The World is a Village – The tragedy is Haiti and what we can do to help

January 22, 2010
By

The Haitian tragedy now ongoing hasn’t even begun to touch the full measure of its scope.

The earthquake was the first calamity.

Now the outside world coming into Haiti with aid is attempting to feed and to give medical care to one of the most impoverished populations in the world.

To do this alone for the next six months to a year, requires a superhuman effort.

Everything following the earthquake is another calamity to deal with. Life, as Haitians have known it, will never be the same. It is destined to be worse.

A nation virtually absent of everything a nation is made up of before the earthquake is now without running water, hospitals and a medical system or housing for 3 million of its nearly 9 million inhabitants.

What to do?

Bostonians have flocked to the Internet to make donations to various charities.

The Catholic Church has set-up a special fund, and the cardinal has said he will be shortly heading to Haiti to give aid and comfort to a people almost bereft of everything they owned in their lives except their faith.

Mayor Thomas Menino and other officials have come together and have identified a range of resources and has organized a team of public and private partners to reach out to the victims of this tragedy in Haiti but to also give support to the nearly 80,000 Haitians who live in Massachusetts – many of them in Greater Boston.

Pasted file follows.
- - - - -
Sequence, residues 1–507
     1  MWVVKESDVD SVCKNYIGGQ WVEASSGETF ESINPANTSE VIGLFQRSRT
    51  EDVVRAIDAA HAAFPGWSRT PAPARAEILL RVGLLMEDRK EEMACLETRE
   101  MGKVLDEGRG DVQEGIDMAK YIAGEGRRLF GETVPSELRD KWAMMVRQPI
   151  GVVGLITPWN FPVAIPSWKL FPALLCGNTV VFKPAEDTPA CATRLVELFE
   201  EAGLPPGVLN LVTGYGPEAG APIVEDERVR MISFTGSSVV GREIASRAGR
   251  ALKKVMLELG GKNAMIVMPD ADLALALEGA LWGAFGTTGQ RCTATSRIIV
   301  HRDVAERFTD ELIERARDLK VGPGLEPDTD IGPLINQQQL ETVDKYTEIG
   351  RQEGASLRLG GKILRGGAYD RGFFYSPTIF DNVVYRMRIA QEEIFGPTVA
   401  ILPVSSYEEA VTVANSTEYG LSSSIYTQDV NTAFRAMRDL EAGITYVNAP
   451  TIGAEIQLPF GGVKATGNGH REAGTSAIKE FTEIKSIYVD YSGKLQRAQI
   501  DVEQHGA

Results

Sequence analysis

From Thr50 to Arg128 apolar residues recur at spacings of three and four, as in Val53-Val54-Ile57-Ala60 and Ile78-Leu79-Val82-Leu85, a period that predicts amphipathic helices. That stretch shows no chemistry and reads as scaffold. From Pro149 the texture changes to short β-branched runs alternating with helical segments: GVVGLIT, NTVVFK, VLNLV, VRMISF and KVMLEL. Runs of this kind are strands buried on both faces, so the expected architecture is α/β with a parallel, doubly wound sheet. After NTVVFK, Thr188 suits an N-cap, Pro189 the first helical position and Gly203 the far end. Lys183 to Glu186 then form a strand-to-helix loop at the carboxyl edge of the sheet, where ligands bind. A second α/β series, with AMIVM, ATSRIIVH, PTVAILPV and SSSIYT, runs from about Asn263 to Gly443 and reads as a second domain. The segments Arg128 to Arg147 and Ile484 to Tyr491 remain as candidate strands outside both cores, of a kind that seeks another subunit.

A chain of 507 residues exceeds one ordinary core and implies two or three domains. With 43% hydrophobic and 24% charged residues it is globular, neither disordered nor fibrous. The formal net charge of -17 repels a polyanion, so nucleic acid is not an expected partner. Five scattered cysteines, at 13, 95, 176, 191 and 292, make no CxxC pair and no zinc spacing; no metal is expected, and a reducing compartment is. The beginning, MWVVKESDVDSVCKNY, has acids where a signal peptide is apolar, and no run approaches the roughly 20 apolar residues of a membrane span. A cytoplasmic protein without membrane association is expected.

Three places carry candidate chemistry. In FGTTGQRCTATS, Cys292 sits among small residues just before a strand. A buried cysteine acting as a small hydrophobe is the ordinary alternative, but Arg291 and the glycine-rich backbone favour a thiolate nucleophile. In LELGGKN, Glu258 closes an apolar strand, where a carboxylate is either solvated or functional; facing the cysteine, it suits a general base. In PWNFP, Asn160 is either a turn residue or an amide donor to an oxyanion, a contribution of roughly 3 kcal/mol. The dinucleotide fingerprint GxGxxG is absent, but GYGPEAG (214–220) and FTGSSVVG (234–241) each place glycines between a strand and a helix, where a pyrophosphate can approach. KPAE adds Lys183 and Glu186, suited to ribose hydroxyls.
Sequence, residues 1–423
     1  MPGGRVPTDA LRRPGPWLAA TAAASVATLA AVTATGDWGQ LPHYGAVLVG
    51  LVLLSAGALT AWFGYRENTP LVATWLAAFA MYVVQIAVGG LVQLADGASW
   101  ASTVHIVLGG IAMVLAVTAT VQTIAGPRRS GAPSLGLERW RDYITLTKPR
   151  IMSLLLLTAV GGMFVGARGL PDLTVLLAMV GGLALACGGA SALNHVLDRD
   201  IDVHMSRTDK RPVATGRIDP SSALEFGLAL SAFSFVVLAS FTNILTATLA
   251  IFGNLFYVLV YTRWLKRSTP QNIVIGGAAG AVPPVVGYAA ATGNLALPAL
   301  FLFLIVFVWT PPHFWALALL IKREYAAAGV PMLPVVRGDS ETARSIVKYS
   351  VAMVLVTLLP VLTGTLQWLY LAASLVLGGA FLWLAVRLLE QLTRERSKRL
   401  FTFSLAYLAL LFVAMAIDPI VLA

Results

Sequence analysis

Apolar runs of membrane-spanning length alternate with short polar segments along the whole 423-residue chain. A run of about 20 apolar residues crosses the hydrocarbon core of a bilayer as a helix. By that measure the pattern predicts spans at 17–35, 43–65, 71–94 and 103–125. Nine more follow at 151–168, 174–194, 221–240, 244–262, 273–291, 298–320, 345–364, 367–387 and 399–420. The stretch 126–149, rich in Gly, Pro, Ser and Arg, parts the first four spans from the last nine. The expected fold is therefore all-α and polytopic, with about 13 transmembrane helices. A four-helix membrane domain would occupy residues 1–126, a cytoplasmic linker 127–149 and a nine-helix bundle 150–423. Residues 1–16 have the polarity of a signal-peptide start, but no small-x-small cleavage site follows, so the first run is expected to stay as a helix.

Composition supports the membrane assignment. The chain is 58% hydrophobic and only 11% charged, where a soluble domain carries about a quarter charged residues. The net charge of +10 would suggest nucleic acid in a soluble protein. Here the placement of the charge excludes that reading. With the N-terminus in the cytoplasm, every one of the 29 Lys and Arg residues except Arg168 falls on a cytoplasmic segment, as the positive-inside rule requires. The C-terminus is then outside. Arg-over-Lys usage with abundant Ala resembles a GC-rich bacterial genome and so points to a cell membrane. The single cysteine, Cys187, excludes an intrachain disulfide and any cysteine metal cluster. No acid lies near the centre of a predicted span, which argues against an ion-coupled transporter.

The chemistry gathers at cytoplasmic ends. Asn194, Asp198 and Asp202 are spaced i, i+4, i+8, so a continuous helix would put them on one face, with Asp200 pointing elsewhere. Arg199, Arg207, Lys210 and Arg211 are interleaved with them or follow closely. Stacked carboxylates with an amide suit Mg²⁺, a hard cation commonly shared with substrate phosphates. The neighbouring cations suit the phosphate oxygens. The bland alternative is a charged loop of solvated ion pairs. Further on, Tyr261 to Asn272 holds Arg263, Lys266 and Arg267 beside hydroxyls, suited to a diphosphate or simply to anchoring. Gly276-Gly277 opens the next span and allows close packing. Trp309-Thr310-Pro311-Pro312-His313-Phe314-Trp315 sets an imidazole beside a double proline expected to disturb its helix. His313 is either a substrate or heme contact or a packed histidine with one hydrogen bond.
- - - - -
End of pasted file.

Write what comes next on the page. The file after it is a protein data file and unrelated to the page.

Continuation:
One of those resources is the Boston-based Partners in Health organization.

If you are a health care professional interested in volunteering to go to Haiti, please e-mail volunteer@pih.org.

The Mayor’s Office of Emergency Preparedness is coordinating with state and federal authorities to make disaster medical assistance teams available to assist Haiti with search and rescue efforts. Urban search and rescue teams from Boston are also at the ready to assist, and the city has offered to lend $1 million in search and rescue equipment to emergency responders in Haiti.

In addition, the mayor has made available crisis counselors for Boston public school children, and on and on.

The Haitian crisis could just as easily be our own if this city and region were rocked by a 7.0 Richter scale earthquake.

In that realization, it is incumbent on all of us to do what we can to relieve the pain and suffering of the Haitian people.

By helping them, we help ourselves and the community of man.

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